Neil was discharged from psychiatric hospital just after Christmas but remains on anti-psychotic medication. Nursing a hangover, he is making his way to his doctor's for a check-up.
Strolling by the Union Canal, I cross the aqueduct above the railway. To my right the line heads towards Gorgie. Following the direction of the tracks for a few hundred yards I make out the pipes traversing the steep embankment. The railway was our favourite playground as kids. We delighted in crossing those pipes like demented tight-rope walkers. Stabbing our middle fingers at health and safety. Not to mention the Grim Reaper himself. From this vantage point I appreciate the drop from rusting metal pipe to sleepers is more than 30 feet. The notion gives me a queasy feeling. My hangover exacerbates a sense of shock delayed by several decades.
To my left a moorhen cleaves the canal’s murky waters. Against the sunlight, the water fowl appears to be swimming into flames. I smile at further reckless indifference to danger. But the light also bores into my pounding head. Last night Drew and I ended up in L’Attache until 3 a.m.
My recollections are distilled into muddy snapshots. Chatting-up numerous women, each of whom eventually saw through my superficial charm and melted into the background. Roaring conversations with Drew about the music of our youth being more passionate than the crap spilling from jukeboxes, while knowing full-well this is an argument destined to be repeated by subsequent generations ad infinitum. Some annoyingly effusive folk band. A scuffle involving a guy wearing an Ireland rugby top and two pricks who kept calling him a ‘fenian’, a disturbance Drew and I got involved in. Me explaining the Irish rugby colours represent all of Ireland, Dublin to Belfast, Baile Áth Cliath to the Shankill Road. A point Drew underscored by chinning one of the Protestant supremacists. Myself on sky blue helmet mode again later, separating Drew from another drunken prick who elbowed his way in front of two shivering young lassies at the Rutland taxi rank. Losing him outside Dario’s. Finally seeing some nurse from Orkney to the Florence Nightingale Home by the Infirmary. The phone number scrawled in eyeliner on my Marlboro packet was indecipherable this morning.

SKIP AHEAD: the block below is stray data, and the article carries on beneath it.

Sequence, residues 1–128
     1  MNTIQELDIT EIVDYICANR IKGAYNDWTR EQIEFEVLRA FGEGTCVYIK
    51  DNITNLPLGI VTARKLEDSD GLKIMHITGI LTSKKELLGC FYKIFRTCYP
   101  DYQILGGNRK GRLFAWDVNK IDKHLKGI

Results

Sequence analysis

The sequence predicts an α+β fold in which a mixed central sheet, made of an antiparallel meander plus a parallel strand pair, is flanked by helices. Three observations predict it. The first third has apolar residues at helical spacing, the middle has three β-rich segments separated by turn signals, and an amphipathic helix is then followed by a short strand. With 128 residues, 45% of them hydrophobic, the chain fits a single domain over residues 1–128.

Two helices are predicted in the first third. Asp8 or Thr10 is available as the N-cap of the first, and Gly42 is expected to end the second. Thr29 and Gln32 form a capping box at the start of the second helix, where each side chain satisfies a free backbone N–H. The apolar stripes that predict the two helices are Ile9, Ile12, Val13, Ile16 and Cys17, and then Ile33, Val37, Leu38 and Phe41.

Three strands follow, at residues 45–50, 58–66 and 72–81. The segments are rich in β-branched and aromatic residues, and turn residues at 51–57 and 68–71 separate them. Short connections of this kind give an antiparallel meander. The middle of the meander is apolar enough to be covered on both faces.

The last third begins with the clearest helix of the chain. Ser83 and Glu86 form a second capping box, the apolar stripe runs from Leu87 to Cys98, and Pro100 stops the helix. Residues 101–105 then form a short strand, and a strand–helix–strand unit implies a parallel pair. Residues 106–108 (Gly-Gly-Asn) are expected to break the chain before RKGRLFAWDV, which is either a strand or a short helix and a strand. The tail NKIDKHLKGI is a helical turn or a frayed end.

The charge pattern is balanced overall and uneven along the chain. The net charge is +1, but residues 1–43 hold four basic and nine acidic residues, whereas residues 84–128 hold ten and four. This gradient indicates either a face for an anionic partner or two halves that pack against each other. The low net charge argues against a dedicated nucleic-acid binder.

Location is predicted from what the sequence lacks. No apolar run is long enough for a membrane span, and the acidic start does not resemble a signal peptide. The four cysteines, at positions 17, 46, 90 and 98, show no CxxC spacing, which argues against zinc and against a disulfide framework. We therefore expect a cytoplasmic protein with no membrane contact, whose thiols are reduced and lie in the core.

I march up the path by the Meggetland bridge which served as a boundary during childhood forays into enemy territory. Not as in actual gangland but the fantasy world my mates and I created. We were soldiers pitted against everyone from the Nazis and Japanese we imagined from Commando comics to redcoats or Daleks. That we were allowed do embark on these missions at such a vast distance from home seems incredible now, although our parents had no reason to suspect we’d ventured any further than Harrison Park for a kickabout.
Further up Colinton Road I lurch into the surgery. The waiting room is unfeasibly noisy. Seizing a National Geographic, as I study magnificent photographs of the marine wildlife flourishing around World War Two wrecks around Midway, I notice how the images quiver. In my peripheral vision, toddlers seem to be vandalising the box of toys as opposed to playing with anything. My eyes focus on the goldfish floating hypnotically among the lemonade-like bubbles of their aquarium.
When Dr Pattison pokes his head round the door to call me I murmur ‘thank fuck’ rather more loudly than is appropriate.
‘So. Time for your Lithium check again, Neil?’
‘Good, good. So how is everything in general? Keeping well?’
‘I’m fine’, I say, taking my seat. Rolling my right sleeve up. The doctor jabs in the needle. Draws blood into the syringe.
‘My word’, he says, his voice blending shock with humour.
I watch the liquid filling the Perspex container. Dr Pattison initially seemed amused. Now he fixes me with a stare over the bows of his spectacle rims. ‘Neil. You shouldn’t be mixing excessive doses of alcohol with your Lithium. That’s asking for trouble. Again.’
My blood sample looks identical to the pernod and blackcurrants I was necking a few hours ago.